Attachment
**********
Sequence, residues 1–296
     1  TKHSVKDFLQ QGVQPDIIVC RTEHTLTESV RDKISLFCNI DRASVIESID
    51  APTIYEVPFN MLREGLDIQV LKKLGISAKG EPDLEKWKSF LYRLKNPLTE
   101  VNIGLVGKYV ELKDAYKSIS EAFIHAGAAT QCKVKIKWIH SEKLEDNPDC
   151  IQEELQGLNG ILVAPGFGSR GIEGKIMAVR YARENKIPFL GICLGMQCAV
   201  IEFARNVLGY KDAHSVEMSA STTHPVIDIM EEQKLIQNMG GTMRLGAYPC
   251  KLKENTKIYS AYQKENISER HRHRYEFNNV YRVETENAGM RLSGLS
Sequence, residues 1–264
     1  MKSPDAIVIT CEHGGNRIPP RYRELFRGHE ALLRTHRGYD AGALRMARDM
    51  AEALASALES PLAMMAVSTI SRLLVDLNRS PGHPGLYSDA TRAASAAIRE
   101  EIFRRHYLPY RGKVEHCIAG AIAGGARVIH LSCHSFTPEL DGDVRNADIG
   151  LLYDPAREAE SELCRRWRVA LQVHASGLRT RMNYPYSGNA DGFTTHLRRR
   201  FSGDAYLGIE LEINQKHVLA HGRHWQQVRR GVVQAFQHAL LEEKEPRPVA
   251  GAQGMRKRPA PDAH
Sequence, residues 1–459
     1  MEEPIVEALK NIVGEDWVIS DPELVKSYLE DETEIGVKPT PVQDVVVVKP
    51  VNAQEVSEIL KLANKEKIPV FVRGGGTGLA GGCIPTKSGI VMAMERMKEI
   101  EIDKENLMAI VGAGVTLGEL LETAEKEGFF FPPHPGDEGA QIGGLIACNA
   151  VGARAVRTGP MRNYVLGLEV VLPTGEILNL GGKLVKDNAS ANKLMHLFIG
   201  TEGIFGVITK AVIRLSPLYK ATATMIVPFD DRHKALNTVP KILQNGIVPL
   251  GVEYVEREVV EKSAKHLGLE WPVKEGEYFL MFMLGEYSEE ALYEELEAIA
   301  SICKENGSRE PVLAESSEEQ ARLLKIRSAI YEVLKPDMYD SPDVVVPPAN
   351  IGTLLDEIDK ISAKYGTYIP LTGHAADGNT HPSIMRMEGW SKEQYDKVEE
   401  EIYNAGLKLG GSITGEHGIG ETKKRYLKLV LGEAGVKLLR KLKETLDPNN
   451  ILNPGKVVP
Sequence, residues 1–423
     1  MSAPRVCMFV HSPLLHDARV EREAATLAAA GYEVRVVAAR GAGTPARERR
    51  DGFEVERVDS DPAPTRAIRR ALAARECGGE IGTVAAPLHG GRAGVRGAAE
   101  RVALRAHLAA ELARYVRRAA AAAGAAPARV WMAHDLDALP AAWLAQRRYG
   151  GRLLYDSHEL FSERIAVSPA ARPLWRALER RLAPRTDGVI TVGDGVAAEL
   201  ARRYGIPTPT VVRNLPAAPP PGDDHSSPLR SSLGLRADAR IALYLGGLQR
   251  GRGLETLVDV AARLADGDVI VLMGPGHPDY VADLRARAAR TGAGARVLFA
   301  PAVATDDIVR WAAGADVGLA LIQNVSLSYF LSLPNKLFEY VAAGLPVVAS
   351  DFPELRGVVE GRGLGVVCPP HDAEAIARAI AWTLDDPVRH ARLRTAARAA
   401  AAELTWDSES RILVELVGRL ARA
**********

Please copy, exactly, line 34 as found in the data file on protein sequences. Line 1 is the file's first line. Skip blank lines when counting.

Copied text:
   351  DFPELRGVVE GRGLGVVCPP HDAEAIARAI AWTLDDPVRH ARLRTAARAA